Media & Patient Notification Letters

The following resources will help guide media and communication strategies. Note that some of these are intended for novice communications professionals.

Think Local Media first
  • A patient notification event is first and foremost a local story. Don’t ignore local media in favor of the national media and the recognized names.
  • Local media are counting on local officials to work with them.
  • Let media know how often updates will be provided (perhaps every day in the first week, then once a week, then when new information is available).
  • To best meet all local media’s needs equally and in a timely manner you may want to provide daily press statements via the health department website as well as provide regular interviews for press.
    • Consider having a spokesperson do stand-up interviews each day for local broadcast television stations. An interview is helpful for the morning, noon, and early evening local news.
    • Have the names and contacts of other spokespersons who may be available for press representing other groups involved in the response (examples may include someone from the state health department, governor’s office if applicable, facility licensing board for the state, local health department, local infection preventionist who can speak about topics such as bloodborne infection transmission and the risks of unsafe injection practices)
    • Consider updating information on your website at the same time each day, and let media know when to check for daily updates.
  • Use your updates to the media to correct misinformation and to provide new information.
Consider other items needed to tell a complete story

Ask yourself the following questions:

  1. What are the key messages that you want conveyed to each of the following:
    • patients
    • healthcare providers
    • other members of the community
  2. Are there other people that the reporter should interview to tell a complete story?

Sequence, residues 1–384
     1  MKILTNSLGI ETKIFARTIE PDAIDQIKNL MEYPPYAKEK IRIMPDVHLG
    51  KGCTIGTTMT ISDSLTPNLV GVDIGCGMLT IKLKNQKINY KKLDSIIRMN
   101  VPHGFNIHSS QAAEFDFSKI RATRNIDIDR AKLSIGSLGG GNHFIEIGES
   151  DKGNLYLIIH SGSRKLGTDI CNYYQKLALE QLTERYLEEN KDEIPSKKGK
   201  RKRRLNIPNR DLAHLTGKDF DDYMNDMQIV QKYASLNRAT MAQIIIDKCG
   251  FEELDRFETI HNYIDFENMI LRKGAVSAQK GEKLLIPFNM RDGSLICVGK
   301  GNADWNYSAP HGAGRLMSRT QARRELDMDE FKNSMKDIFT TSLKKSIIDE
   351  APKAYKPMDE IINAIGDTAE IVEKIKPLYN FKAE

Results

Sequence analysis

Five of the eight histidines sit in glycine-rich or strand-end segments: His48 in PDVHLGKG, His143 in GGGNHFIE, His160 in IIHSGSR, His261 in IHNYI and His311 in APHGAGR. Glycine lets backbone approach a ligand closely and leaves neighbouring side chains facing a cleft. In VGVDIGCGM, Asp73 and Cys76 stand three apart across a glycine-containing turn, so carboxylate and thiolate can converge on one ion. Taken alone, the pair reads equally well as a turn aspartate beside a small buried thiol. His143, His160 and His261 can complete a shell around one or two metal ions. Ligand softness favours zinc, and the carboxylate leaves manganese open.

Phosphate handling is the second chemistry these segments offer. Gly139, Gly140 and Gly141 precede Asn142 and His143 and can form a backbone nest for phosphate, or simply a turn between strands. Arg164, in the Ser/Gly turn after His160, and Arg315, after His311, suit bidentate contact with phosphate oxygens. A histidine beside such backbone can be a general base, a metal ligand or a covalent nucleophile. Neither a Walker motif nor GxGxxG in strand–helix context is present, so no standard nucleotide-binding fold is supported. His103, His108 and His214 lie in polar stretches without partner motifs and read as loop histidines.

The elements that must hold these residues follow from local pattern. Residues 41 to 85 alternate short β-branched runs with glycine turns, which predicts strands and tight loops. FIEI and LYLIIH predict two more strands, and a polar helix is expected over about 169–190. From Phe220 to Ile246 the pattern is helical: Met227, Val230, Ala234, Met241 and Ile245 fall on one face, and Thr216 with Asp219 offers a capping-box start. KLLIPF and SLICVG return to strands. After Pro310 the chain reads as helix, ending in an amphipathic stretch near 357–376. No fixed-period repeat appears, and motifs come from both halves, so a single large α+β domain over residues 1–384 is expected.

3. Do you have graphics or other supporting materials to best illustrate how transmission could occur in this infection control breach?
  4. Is your spokesperson prepared for any tough questions? Ask your spokesperson – are there any questions you are concerned about being asked? Work with them to develop answers.
  5. Are you coordinating with other affected communicators (e.g., healthcare facility, local/state public health, CDC, professional organizations)? Do these communicators have your talking points so you are all providing consistent messaging?

Consider the size of your notification and the perspectives at each level:

  • At the local level – think local perspective. Be able to answer questions such as:
    • Is the healthcare provider still practicing?
    • Is clinic still open?
    • Where should patients go for testing?
  • At the state level – think from a broader perspective to anticipate questions you may be asked such as:
    • Is this happening in other clinics or healthcare facilities in the state?
    • How does this state compare with other states?
    • How often are clinics inspected?
    • Is this a priority or has funding been recently cut?
    • When has this type of event occurred in the past?
  • At the national level – think from a national perspective to anticipate questions you may be asked such as:
    • Is this happening in other states?
    • What are the regulatory implications?
    • What are the accreditation issues?
    • What is being done to prevent this from happening in the future?

Whichever level(s) of media interaction fits your situation, the key is to have consistent information flowing back and forth between the official spokespersons at each level of the response.